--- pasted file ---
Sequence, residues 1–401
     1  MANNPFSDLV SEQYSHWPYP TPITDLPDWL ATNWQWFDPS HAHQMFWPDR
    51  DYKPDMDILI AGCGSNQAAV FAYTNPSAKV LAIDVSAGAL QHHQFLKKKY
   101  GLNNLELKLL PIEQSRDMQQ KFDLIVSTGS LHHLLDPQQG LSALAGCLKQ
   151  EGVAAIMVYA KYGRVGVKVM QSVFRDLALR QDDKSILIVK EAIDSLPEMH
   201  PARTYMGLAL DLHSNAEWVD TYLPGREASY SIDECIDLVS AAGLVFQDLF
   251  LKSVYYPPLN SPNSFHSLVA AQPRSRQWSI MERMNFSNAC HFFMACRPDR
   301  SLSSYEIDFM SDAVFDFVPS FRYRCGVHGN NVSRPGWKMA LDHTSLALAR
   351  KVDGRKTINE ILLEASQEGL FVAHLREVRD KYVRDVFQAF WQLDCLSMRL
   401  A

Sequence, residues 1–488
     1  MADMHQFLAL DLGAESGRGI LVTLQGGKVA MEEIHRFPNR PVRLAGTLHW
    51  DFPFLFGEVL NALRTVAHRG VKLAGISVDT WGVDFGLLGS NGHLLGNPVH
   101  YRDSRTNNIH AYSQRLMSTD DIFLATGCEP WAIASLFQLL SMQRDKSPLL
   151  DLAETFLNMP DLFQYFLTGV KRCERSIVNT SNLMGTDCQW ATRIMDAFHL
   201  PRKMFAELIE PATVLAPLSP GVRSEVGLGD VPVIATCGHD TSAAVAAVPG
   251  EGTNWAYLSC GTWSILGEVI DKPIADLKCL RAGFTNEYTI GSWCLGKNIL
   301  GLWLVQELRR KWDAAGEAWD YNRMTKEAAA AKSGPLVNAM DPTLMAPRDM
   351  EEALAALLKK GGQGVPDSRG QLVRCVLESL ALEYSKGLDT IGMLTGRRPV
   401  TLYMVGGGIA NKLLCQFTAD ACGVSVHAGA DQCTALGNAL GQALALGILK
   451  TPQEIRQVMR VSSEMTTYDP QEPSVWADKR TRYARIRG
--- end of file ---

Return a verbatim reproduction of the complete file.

Sequence, residues 1–401
     1  MANNPFSDLV SEQYSHWPYP TPITDLPDWL ATNWQWFDPS HAHQMFWPDR
    51  DYKPDMDILI AGCGSNQAAV FAYTNPSAKV LAIDVSAGAL QHHQFLKKKY
   101  GLNNLELKLL PIEQSRDMQQ KFDLIVSTGS LHHLLDPQQG LSALAGCLKQ
   151  EGVAAIMVYA KYGRVGVKVM QSVFRDLALR QDDKSILIVK EAIDSLPEMH
   201  PARTYMGLAL DLHSNAEWVD TYLPGREASY SIDECIDLVS AAGLVFQDLF
   251  LKSVYYPPLN SPNSFHSLVA AQPRSRQWSI MERMNFSNAC HFFMACRPDR
   301  SLSSYEIDFM SDAVFDFVPS FRYRCGVHGN NVSRPGWKMA LDHTSLALAR
   351  KVDGRKTINE ILLEASQEGL FVAHLREVRD KYVRDVFQAF WQLDCLSMRL
   401  A

Sequence, residues 1–488
     1  MADMHQFLAL DLGAESGRGI LVTLQGGKVA MEEIHRFPNR PVRLAGTLHW
    51  DFPFLFGEVL NALRTVAHRG VKLAGISVDT WGVDFGLLGS NGHLLGNPVH
   101  YRDSRTNNIH AYSQRLMSTD DIFLATGCEP WAIASLFQLL SMQRDKSPLL
   151  DLAETFLNMP DLFQYFLTGV KRCERSIVNT SNLMGTDCQW ATRIMDAFHL
   201  PRKMFAELIE PATVLAPLSP GVRSEVGLGD VPVIATCGHD TSAAVAAVPG
   251  EGTNWAYLSC GTWSILGEVI DKPIADLKCL RAGFTNEYTI GSWCLGKNIL
   301  GLWLVQELRR KWDAAGEAWD YNRMTKEAAA AKSGPLVNAM DPTLMAPRDM
   351  EEALAALLKK GGQGVPDSRG QLVRCVLESL ALEYSKGLDT IGMLTGRRPV
   401  TLYMVGGGIA NKLLCQFTAD ACGVSVHAGA DQCTALGNAL GQALALGILK
   451  TPQEIRQVMR VSSEMTTYDP QEPSVWADKR TRYARIRG